A Promising Trend

July 1, 2014 11:09 am Published by

In 1993 my wife and I moved into our current home on Guelph’s eastern border kiddy corner what was then the City of Guelph’s Landfill. It is easy today, particularly for many of the residents in Guelph’s east end who have moved to the neighbourhood after the dump was closed, to forget that the dump was a contentious and contested issue. Everyone produces garbage, yet no one seems to want to bear the responsibility of receiving someone else’s. While we were not crazy about having the dump close to us, in fairness it really did not affect our quality of life and after all, we knew it was there when we bought our property. In fact, the biggest detectable change that came with the dumps closure, was the sudden lack of seagulls flying overhead! Until now. What used to be a pile of stinking refuse, is now home to the finest sports fields in the city. The east end, often ignored in terms of services and facilities is on the map!

For years Guelph’s athletes have toiled on facilities that while serviceable, were certainly of lesser quality than they experienced when they visited other southern Ontario communities. With a soccer field deficiency partly rectified, word has come that city staff has recommended the construction of a south end community center containing two ice rinks, an aquatics complex, a gymnasium, and meeting rooms. Having spent the last 10 years carting my daughter to every imaginable arena complex in southern Ontario, I have formed an opinion on the matter. Guelph’s most recent and presumably finest recreational complex, the West End Recreational Complex, is inferior to virtually every other towns similar complex. I recognize that someone has to be last, but if it has to be us, I wish we had the low property taxes that ought to accompany poor facilities.

The south end community center, ought to be an election issue this year, and hopefully it is. Certainly it is a large budget item ($59 million) in a budget which many would contend is out of control to begin with. Nonetheless, a premier city, (which we ought to be) deserves premier facilities and the south end, and indeed Guelph on the whole, needs not only more, but better community centers.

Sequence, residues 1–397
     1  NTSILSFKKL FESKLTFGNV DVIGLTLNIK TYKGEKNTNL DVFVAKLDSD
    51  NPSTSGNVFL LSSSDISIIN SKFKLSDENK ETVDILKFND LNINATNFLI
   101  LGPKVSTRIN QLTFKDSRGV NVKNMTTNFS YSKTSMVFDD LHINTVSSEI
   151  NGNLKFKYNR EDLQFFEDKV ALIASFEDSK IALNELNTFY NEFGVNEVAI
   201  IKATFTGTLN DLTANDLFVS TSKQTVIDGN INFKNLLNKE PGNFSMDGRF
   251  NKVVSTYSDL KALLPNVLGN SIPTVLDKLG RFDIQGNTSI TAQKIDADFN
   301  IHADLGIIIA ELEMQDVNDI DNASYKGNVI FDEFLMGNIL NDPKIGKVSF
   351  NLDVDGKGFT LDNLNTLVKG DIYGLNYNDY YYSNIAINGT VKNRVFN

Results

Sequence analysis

A city’s recreational facilities and public buildings, I believe, are a reflection of the city itself. When minor sporting tournaments are held in the city, they ought to be viewed as an opportunity to showcase our community to visitors from other towns. Just as we would not invite company to dinner and refuse to shower for the occasion, we ought not be satisfied having visitors constantly entertained at subpar facilities. (I had the pleasure of watching a rep hockey game at exhibition arena and felt like apologizing to parents from the other team!) We would after all, like to leave visitors with the impression that Guelph is a fine place to both live and invest. Or at the very least, we would like for them to continue to visit and send a few dollars while they are here. The Guelph Girls Hockey Association’s annual tournament has had to begin to cancel divisions while other communities maintain waiting lists. Yes, new facilities cost money. Empty hotel rooms come at a cost as well.

Finally, it would appear with the recent additions and proposed additions of facilities, the pendulum has begun to swing the other way. Hopefully, the council guiding the pendulum has the wisdom required for the task.

Thanks for reading, and Happy Canada Day!

Jeff Neumann

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